Animals and Humans. Recurrent symbiosis in archaeology and Old Norse religion

Project: Research

Layman's description

The role of animals during the Nordic Iron Age and Viking era was functional, symbolic and metaphorical. In Old Norse mythology, animals stand out as imaginative beings with strong characters. There is a very long historical background to modern attitudes towards animals. The symbiotic relationship between humans and animals seems to have been constant even though the approach has changed.

Relations between animals and humans have never been obvious. They have been affected by social norms and values. Archaeological and osteological analyses of animals and animal images in farming environments and in graves provide clues to the various roles of animals during the pre-Christian era in the Nordic area. These roles can be related to stories in Icelandic medieval texts and to Old Norse mythology, in which animals are represented as imaginative beings with powerful properties.

The archeological material culture together with the texts show that the role of animals was functional, symbolic and metaphorical during the Nordic Iron Age and the Viking era. Not least, animals were mouthpieces for human characters and part of the survival and status of human beings with their functional and metaphorical meanings.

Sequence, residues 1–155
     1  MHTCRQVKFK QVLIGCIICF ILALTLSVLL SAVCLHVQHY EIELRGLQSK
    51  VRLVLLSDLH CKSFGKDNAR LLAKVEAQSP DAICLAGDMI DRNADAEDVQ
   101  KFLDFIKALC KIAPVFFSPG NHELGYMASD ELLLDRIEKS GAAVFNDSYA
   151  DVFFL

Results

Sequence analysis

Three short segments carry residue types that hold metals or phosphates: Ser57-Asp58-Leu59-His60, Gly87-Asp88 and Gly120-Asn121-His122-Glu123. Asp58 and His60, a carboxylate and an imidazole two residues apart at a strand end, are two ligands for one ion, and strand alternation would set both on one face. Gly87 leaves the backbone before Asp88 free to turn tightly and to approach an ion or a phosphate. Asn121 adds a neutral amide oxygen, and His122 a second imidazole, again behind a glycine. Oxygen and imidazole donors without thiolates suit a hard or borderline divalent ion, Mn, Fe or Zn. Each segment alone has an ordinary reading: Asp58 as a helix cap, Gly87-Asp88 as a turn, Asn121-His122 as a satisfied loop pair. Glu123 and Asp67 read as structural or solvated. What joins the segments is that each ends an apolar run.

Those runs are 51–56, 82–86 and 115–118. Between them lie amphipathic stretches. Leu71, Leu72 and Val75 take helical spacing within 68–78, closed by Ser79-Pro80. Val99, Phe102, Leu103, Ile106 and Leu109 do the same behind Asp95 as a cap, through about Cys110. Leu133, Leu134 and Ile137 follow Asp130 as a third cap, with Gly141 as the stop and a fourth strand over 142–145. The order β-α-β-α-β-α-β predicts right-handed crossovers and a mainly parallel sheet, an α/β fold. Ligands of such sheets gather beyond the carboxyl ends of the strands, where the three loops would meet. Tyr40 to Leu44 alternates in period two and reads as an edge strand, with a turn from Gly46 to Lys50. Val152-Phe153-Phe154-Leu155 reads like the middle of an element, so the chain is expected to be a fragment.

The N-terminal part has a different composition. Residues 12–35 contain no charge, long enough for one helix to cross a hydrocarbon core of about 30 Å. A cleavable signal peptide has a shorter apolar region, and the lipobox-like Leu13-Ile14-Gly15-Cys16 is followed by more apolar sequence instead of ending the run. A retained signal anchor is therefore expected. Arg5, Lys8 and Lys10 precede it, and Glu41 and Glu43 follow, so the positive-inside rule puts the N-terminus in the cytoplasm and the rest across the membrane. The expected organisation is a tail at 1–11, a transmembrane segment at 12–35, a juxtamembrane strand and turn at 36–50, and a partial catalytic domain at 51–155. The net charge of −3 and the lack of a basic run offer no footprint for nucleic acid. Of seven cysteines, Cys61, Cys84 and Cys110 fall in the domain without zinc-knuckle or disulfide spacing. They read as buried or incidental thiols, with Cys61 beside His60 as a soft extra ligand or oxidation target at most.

The long-term archaeological perspective also provides new approaches to our era’s relationship to animals and the ethical issues that it implies. Questions on hunting, animal husbandry and breeding are discussed in this project on the basis of archaeological contexts and animal bone material.
StatusFinished
Effective start/end date2000/01/012010/12/31

Participants

Related projects

(Part of)

Kristina Jennbert, Anders Andrén & Catharina Raudvere

2000/01/012007/12/31

Project: Research

View all (1)